Prepare to cope with the PM2.5 dust crisis

Last updated: 29 Jan 2024  |  510 Views  | 

Prepare to cope with the PM2.5 dust crisis

Prepare to cope with the PM2.5 dust crisis

Preparing for PM2.5 dust is important to preserve our health and our families' long-term health. You should follow these tips to reduce potential health risks from PM2.5 dust. However, it is important to regularly check air data and assess risks for the best protection and care for our health. Dust PM2.5 (particulate matter 2.5) is a small particle with a diameter not exceeding 2.5 microns that can spread through the vehicle through the air. It filters through nasal hairs and enters the human respiratory system. This dust can come from many sources. The following are the sources of PM2.5 dust:


Where does PM2.5 dust come from?

  1. Burning forests and trees
    Burning forests or trees creates a lot of PM2.5 dust as a result of deforestation or uncontrolled burning.
  2. Construction
    construction activities that use construction materials and machinery that create PM2.5 dust during the construction process.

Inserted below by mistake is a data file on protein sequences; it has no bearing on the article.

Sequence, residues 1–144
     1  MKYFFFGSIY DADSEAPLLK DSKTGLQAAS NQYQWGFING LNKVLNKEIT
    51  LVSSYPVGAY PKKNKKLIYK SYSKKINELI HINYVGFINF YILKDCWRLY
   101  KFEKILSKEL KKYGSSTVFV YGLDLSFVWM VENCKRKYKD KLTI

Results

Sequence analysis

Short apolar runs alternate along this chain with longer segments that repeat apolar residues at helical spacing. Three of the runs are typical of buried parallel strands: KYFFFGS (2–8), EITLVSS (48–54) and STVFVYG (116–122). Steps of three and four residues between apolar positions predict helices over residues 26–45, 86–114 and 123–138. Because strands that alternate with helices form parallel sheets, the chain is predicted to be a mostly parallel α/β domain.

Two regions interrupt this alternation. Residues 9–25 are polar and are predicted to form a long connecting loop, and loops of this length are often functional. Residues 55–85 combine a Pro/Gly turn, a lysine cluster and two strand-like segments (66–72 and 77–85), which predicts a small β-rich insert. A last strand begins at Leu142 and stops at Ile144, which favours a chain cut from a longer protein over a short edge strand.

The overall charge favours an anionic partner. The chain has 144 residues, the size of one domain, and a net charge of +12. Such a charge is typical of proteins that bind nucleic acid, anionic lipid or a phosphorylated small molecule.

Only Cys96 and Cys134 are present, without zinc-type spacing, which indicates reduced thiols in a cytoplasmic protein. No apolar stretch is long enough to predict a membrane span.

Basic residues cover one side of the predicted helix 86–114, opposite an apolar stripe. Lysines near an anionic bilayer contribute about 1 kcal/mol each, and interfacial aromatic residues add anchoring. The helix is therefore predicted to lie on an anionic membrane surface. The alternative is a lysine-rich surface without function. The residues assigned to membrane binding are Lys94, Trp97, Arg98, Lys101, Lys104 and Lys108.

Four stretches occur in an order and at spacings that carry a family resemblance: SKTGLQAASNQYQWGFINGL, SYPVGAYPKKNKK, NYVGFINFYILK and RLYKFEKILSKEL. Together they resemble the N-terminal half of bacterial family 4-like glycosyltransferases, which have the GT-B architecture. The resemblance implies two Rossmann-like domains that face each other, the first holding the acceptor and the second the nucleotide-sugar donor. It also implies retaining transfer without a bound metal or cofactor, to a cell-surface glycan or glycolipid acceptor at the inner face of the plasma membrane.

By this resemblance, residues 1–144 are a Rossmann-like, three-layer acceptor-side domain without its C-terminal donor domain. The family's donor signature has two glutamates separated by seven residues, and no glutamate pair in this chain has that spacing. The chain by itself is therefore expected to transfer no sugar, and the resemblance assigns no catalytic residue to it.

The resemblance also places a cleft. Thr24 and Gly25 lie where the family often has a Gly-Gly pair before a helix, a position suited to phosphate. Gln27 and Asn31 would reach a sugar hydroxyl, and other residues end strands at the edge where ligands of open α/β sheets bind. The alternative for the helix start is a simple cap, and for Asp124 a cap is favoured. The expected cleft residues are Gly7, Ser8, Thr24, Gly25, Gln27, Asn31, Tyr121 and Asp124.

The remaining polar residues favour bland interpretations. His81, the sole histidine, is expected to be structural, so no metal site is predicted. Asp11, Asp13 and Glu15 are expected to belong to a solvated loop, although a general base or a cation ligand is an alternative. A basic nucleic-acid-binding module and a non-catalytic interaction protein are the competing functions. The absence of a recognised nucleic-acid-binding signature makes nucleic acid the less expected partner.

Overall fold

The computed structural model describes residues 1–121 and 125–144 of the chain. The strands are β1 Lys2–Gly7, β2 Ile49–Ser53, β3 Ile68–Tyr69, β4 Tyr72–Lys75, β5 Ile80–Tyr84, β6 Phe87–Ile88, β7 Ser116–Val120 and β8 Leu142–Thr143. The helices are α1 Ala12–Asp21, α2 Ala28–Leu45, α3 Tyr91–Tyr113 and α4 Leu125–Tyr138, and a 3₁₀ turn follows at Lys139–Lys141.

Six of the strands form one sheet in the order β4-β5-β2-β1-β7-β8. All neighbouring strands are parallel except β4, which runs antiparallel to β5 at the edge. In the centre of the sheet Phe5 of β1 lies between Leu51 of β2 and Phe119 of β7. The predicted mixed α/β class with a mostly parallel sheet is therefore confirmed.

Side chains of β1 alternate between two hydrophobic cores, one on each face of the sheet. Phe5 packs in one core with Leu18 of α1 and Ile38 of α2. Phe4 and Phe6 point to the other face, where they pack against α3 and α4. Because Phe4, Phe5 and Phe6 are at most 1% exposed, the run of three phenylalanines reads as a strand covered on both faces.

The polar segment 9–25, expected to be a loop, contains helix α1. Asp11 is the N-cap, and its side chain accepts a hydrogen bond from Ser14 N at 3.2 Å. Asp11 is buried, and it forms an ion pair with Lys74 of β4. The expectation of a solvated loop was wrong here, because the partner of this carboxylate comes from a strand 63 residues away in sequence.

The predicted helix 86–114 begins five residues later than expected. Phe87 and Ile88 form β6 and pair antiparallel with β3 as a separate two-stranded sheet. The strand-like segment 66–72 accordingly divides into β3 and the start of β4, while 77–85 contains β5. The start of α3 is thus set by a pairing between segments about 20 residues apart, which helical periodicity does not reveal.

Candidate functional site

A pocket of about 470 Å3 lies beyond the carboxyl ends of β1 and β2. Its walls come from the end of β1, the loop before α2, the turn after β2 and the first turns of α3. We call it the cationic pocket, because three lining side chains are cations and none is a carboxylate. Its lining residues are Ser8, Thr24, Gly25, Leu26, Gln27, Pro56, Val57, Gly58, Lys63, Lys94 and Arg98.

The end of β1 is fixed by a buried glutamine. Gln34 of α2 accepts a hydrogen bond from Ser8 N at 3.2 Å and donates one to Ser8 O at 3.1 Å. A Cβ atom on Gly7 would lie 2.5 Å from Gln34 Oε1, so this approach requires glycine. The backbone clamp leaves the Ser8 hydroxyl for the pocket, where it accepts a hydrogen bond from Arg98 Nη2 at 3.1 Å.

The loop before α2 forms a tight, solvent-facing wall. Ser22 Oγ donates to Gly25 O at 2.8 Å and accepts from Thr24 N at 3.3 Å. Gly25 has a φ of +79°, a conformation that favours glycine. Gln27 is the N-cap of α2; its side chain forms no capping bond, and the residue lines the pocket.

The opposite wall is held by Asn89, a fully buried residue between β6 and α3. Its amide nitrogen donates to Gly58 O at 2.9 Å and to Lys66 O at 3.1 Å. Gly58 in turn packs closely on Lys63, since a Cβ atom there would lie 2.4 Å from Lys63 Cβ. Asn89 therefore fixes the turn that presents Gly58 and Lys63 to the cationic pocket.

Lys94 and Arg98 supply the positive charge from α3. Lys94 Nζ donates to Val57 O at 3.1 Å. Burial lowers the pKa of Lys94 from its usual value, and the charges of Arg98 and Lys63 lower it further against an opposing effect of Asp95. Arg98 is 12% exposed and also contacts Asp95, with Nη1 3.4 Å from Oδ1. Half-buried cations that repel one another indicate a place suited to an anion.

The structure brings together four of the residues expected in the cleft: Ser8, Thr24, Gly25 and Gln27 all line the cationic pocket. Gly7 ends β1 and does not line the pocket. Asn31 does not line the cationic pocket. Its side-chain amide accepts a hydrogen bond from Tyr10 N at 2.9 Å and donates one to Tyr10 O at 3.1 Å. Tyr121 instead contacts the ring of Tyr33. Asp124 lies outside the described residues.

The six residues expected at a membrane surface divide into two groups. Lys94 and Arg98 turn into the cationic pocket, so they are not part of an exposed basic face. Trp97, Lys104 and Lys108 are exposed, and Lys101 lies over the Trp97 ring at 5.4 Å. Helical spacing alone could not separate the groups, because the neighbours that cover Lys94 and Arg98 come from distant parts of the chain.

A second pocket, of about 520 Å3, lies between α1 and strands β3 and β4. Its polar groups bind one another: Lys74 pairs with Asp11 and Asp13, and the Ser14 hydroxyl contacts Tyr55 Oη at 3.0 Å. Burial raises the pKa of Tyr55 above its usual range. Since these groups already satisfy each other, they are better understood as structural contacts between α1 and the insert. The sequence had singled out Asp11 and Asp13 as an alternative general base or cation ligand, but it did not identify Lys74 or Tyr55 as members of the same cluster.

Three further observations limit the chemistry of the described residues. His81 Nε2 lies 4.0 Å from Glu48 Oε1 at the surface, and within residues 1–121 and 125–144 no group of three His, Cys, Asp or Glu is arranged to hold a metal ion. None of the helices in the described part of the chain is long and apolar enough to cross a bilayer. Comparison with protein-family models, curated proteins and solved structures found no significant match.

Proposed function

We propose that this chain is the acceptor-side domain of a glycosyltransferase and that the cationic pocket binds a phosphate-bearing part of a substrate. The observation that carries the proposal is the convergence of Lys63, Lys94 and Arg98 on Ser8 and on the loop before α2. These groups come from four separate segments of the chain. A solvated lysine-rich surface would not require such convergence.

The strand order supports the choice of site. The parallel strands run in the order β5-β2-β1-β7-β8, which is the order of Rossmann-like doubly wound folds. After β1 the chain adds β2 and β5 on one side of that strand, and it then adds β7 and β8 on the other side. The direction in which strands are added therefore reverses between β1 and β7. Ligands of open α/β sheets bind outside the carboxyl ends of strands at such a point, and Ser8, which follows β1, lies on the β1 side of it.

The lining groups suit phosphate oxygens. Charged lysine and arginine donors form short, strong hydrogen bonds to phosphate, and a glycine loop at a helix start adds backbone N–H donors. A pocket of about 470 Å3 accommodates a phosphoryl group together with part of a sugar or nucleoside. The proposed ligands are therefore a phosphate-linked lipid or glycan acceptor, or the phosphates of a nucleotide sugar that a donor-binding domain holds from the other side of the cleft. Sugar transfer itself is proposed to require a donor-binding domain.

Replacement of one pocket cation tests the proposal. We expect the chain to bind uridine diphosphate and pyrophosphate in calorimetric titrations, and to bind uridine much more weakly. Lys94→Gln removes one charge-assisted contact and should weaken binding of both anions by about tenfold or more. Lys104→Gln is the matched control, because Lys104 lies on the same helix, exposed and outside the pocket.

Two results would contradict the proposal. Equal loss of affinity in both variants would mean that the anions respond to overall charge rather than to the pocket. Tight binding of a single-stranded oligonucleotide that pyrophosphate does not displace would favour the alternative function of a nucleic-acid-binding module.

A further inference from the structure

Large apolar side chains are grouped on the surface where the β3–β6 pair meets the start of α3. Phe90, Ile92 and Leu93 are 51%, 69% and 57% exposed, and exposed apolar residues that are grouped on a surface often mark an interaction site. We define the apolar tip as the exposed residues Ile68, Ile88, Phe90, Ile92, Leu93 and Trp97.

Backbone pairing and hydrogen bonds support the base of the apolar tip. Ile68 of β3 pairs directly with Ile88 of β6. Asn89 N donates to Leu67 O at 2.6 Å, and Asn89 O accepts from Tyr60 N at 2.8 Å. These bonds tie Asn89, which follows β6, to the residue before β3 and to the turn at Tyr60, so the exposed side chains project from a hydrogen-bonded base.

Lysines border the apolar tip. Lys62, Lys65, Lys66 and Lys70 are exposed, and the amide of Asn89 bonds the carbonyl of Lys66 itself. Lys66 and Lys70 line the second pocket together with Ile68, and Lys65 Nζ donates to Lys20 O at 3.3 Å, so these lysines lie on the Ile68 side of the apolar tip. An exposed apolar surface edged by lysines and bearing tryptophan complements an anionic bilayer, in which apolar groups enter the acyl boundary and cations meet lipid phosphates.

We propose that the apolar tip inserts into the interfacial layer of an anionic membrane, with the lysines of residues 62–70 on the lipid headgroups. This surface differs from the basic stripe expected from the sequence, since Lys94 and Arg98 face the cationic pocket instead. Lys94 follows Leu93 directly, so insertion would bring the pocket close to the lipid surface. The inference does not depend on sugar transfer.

3. Industrial plant
    manufacturing processes in factories that may release chemicals and small particles into the air.
  4. Transportation
    Transportation of vehicles on land, water, and air can create PM2.5 dust from oil combustion, road stability, and other cases.
How dangerous is PM2.5 dust?
  1. Red eyes - eye pain
    Eyes exposed to PM2.5 dust can cause red eyes and a burning sensation.
  2. Respiratory system
    Absorption of PM2.5 dust into the lungs can cause respiratory problems such as coughing, snot, or pneumonia.
  3. Itchy skin rash
    Contact with PM2.5 dust that is stuck on the skin can cause an allergic rash or itchy rash.
  4. Heart-vascular disease
    PM2.5 dust can enter blood vessels. This puts you at risk for heart disease and blood clots.

How to prevent PM2.5 dust
  1. Wear a mask at all times
    Wearing a quality PM2.5 dust mask can help reduce exposure to harmful particles.
  2. Avoid outdoor activities
    Avoid being outside buildings or areas with high dust levels, such as exercising in polluted places.
  3. Close doors and windows tightly
    Close the doors and windows of the house tightly to prevent dust from entering the house or building.
  4. Drink lots of clean water
    Drinking water helps wash away the risk of PM2.5 dust that may fall into the respiratory tract
  5. See a doctor when you have abnormal symptoms
    If you have health-risk symptoms You should see a doctor for a proper diagnosis and treatment.
  6. Use an air purifier
    Using a quality air purifier can help reduce PM2.5 dust in the air inside the home or building.

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